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Seed collecting programme starts in New Zealand

A seed collecting expedition in Titahi Bay, New Zealand, marks the beginning of an extensive collecting programme that the New Zealand Indigenous Flora Seed Bank Group will conduct in partnership with RBG Kew.

Finn Michalak (Otari Native Botanic Garden and Wilton's Bush Reserve) collecting seeds of thorny Aciphylla squarrosa in Titahi bay, New Zealand.

In December 2013 a team composed by staff from Massey University, Otari Native Botanic Garden and RBG Kew, conducted a seed collecting expedition in Titahi Bay, in the Greater Wellington area, New Zealand. During this expedition the team collected seeds from Sonchus kirkii and Aciphylla squarrosa. The former species is currently classified as ‘At risk and declining’ by the Vascular Plant Threat Listing Panel.

This first collecting expedition is the beginning of an extensive collecting programme that the New Zealand Indigenous Flora Seed Bank Group* will conduct in partnership with RBG Kew and is one of the activities planned under the formal partnership agreement that Kew established in 2012 with the New Zealand Plant Conservation Network to contribute to the study and conservation of the native flora of New Zealand. In 2013 RBG Kew supported the work of the New Zealand Indigenous Flora Seed Bank Group by conducting in-country seed collecting training and by sharing expertise and experience in building a long-term seed conservation programme. The overall programme has funding support from the Massey University Strategic Innovation Fund and the New Zealand Lottery Grants Board.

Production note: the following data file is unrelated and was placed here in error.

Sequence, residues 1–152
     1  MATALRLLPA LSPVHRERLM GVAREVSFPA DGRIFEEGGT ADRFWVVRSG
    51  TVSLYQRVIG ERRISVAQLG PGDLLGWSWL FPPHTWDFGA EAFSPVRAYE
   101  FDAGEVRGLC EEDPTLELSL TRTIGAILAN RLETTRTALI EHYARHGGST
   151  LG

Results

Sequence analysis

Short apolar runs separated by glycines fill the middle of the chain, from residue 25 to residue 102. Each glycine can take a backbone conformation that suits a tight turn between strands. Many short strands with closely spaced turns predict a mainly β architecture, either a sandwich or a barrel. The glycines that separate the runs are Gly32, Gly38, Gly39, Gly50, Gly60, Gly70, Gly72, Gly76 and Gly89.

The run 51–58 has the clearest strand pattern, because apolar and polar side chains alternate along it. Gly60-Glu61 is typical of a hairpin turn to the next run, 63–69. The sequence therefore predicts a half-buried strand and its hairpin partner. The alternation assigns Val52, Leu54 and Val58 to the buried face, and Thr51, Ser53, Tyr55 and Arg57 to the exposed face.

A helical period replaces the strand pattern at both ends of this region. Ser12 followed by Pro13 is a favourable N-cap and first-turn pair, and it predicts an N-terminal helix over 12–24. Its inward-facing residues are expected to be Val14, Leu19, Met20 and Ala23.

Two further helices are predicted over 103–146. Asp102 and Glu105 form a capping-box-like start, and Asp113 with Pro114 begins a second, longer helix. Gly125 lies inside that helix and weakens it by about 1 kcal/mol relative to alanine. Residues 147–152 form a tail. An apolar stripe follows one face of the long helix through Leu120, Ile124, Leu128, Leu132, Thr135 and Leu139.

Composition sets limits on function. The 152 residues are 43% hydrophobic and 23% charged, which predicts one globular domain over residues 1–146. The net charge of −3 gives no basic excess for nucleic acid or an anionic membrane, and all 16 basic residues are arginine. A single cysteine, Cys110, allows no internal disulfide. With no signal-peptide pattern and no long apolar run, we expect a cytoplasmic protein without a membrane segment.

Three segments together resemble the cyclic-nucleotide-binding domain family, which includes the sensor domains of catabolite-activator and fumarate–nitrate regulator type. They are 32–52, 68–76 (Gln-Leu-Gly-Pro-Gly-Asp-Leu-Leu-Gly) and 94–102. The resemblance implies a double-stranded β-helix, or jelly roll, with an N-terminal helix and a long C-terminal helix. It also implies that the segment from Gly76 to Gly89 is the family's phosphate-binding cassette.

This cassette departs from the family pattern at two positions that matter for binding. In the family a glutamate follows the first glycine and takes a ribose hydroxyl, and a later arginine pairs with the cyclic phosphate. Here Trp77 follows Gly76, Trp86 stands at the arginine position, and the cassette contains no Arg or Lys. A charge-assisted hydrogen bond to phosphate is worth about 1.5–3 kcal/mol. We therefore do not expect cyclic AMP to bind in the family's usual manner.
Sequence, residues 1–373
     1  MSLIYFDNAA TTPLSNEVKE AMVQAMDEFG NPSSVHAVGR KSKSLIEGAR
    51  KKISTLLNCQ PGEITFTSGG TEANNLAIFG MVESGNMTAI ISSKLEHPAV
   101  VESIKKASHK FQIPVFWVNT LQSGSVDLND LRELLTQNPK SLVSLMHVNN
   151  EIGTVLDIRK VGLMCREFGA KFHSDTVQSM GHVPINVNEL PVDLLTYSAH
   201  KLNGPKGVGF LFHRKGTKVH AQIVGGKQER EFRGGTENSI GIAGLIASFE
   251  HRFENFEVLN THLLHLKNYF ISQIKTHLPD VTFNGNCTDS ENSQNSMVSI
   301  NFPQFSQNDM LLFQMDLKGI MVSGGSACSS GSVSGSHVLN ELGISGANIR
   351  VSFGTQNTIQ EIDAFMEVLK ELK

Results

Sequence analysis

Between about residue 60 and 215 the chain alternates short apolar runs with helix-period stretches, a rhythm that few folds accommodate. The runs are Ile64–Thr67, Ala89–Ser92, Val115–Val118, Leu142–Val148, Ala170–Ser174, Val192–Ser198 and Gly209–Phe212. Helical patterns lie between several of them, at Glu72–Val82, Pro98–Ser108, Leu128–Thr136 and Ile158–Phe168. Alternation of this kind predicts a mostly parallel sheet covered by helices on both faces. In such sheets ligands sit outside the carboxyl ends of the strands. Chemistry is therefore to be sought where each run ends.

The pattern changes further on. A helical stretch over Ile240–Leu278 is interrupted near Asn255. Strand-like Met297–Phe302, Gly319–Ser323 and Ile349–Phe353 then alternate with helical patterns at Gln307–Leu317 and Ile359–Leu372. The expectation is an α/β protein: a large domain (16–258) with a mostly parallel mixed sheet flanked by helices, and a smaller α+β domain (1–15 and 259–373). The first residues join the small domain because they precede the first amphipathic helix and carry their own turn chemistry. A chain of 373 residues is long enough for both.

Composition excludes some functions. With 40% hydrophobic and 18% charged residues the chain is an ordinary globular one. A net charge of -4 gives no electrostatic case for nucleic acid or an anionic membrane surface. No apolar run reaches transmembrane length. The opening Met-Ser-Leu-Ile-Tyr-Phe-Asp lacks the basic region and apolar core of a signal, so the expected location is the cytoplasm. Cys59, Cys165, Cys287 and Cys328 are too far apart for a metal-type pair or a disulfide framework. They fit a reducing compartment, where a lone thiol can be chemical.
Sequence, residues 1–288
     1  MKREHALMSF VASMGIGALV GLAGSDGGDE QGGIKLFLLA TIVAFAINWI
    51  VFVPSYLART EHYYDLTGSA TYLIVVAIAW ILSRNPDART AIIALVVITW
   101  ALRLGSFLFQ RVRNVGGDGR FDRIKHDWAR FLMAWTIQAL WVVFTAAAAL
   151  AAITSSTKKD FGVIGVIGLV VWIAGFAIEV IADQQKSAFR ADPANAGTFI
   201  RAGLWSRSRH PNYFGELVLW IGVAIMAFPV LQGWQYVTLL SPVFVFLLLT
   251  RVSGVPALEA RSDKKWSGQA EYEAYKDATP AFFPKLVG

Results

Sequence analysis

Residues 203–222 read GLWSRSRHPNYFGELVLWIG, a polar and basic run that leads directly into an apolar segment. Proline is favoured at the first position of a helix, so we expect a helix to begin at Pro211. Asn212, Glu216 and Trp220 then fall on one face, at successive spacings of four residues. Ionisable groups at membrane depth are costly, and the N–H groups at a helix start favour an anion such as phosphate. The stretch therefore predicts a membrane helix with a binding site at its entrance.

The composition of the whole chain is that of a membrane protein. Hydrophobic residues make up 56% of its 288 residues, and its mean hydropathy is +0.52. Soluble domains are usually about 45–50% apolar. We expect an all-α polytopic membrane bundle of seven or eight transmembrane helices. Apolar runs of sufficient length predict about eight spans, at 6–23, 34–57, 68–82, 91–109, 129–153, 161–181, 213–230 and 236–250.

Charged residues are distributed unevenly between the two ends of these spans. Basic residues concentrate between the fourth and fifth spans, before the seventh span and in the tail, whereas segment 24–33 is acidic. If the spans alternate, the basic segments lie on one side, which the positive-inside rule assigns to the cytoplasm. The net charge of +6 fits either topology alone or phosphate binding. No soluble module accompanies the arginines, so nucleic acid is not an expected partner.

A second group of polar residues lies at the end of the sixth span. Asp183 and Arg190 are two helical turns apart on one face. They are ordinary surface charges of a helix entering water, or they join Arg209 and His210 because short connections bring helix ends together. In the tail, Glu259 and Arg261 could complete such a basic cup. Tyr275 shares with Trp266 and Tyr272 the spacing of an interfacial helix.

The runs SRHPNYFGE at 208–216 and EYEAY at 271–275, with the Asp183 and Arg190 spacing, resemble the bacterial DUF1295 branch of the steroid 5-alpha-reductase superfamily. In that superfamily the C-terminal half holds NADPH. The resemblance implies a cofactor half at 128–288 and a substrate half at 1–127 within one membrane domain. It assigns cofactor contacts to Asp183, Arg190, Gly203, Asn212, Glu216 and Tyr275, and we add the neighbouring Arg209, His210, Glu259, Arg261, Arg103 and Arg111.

New Zealand is a Biodiversity Hotspot, one of the 25 world areas hosting extraordinary concentration of endemic species, and at the same time undergoing exceptional loss of habitat. The highly diverse vascular flora of New Zealand, including more than 2,400 species with more than 80% endemism, is increasingly under threat and is therefore a priority for plant conservation. Seed banking offers an insurance policy against the loss of species in their natural habitat and provides options for their reintroduction into the wild and future use.

Item from Dr Peter Giovannini (International Projects Officer, Seed Conservation Department, RBG Kew)

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Comments

20 March 2014
What an exciting development. Good luck with the collecting programme.
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